- Behavioral data is data the site collects about your habits by recording what you do and who you do it with. It might include games you play, topics you write about, news articles you access (and what that says about your political leanings), and so on.
- Derived data is data about you that is derived from all the other data. For example, if 80 percent of your friends self-identify as gay, you’re likely gay yourself.
Why is this important? Because in order to develop ways to control the data we distribute in the cloud we need to first classify precisely the different types of data and their relational position within our digital footprint and the surrounding ecology. Disclosed data is of different value to Behavioral or Derived data, and most people will likely value their individual content such as pictures and posts much more than the aggregated patterns sucked out of their footprint by a social network site’s algorithms. Much to think about here.
Charlie Stross has a great piece on his site commenting Apple’s strategy with the iPad and Steve Jobs’s vicious antipathy towards any cross-platform apps not originating from Apple. Plenty of material to discuss there, but for me the interesting part is  the notion that cloud computing is going to displace the PC in a controlled walled-garden way. By walled-garden I mean a total-control platform like iTunes – or anything else from that nightmarish company for that matter. I suspect that Stross is right, at least when it comes to Apple – their strategy after all is easy to deduce, but I just don’t see how walled-garden platform is going to dominate the cloud-space when you consider the relentless pressure for interoperability applied by a constantly emerging market. One could argue that Microsoft’s success with the PC platform has been solely due to their complete openness to hardware and third-party soft. Google seem to go down a similar path and if anything it is their already developing cloud platform that would probably dominate the early decade of cloud computing. Stross sums it up nicely:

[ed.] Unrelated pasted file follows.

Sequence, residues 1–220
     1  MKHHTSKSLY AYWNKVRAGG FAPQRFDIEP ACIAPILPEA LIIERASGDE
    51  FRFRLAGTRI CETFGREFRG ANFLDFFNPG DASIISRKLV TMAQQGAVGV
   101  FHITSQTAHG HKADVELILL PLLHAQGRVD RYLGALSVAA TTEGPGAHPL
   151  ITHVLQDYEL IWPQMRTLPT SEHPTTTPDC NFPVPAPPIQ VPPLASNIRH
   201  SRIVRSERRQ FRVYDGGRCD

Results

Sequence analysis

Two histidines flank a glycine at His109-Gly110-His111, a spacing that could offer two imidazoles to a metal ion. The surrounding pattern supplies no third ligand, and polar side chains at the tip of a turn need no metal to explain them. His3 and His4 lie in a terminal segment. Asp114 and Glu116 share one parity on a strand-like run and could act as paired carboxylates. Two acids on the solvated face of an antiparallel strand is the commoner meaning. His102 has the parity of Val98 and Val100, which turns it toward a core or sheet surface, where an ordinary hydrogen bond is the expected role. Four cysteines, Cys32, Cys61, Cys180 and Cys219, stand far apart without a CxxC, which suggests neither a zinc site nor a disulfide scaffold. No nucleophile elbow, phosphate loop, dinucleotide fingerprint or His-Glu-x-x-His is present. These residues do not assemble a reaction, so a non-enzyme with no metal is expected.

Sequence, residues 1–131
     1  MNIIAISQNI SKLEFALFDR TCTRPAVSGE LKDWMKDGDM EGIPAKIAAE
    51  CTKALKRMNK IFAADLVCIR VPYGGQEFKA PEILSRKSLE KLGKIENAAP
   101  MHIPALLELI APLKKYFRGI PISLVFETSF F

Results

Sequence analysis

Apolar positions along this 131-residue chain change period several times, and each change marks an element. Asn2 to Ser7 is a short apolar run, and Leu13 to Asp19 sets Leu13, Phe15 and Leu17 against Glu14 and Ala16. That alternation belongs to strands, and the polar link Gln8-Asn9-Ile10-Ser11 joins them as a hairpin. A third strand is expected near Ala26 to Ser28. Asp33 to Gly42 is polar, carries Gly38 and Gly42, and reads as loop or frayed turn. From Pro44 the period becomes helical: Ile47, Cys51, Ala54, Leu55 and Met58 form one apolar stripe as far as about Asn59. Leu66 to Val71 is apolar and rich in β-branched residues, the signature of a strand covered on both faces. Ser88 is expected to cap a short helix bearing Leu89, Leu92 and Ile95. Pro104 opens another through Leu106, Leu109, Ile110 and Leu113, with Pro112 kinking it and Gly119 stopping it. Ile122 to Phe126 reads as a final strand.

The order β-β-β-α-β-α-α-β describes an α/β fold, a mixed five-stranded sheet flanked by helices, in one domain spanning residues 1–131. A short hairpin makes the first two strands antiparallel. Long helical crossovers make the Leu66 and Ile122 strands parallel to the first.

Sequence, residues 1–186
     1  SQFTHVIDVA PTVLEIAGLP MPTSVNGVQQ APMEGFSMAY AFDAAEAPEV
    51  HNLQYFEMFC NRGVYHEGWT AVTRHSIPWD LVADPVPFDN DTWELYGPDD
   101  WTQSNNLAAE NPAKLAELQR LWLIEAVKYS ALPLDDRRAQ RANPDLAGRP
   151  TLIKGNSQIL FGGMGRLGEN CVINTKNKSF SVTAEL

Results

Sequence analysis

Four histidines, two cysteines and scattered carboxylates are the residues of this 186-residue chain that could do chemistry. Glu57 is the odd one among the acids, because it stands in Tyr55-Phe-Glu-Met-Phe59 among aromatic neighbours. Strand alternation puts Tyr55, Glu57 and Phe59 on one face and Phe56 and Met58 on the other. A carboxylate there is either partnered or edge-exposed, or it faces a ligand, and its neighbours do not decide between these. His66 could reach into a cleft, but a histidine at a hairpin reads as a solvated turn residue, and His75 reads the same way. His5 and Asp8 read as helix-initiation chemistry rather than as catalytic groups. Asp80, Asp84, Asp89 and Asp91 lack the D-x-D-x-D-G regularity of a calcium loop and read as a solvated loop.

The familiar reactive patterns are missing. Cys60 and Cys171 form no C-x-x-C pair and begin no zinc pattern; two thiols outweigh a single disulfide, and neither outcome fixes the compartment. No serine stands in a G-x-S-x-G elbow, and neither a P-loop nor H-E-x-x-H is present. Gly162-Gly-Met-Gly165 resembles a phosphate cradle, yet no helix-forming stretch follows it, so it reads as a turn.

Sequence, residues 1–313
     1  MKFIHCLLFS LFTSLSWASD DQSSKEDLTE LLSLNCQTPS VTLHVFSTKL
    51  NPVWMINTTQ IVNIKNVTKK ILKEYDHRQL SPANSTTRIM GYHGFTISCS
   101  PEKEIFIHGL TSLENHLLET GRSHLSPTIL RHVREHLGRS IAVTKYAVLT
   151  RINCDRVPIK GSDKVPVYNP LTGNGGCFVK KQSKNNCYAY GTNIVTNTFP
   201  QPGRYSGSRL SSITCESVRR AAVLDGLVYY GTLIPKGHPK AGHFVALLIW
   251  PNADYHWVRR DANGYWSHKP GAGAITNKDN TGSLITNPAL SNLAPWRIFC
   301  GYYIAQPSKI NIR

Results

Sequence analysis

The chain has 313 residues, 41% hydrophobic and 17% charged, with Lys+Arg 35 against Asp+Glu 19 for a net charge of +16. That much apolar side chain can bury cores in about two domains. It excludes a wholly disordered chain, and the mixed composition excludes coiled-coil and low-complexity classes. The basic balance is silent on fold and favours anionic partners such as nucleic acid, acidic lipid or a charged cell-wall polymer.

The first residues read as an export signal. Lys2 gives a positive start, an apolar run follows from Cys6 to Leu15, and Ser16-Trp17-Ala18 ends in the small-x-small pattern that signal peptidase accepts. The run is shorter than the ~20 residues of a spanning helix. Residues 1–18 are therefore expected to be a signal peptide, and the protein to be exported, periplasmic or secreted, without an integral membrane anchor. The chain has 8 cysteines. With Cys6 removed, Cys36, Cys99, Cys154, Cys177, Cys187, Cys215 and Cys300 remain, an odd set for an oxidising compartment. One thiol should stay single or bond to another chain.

‘Because you won’t have a “computer” in the current sense of the word. You’ll just be surrounded by a swarm of devices that give you access to your data whenever and however you need it.’
Apple’s and their ilk ‘success’ would be to maintain the cult by porting to a cloud platform, but the sheer necessity of total interoperability related to broad market penetration will prevent them from dominating the cloud. Finally, the comparison between Apple and BMW/Mercedes ‘high-end’ cars doesn’t work for me – I see Jobs’s cult as a Saab.
John Battelle’s Signal Weds: My Location Is A Box of Cereal on location based services.
““Where I am” is a powerful signal, in particular if where you are is a local business that might answer that signal with an offer that engenders loyalty, purchase, or both.
But I’m starting to think that we need to expand the concept of location to more than physical spaces. Why can’t I check-in to a website? An article? A state of mind? An emotion? Or…an object?”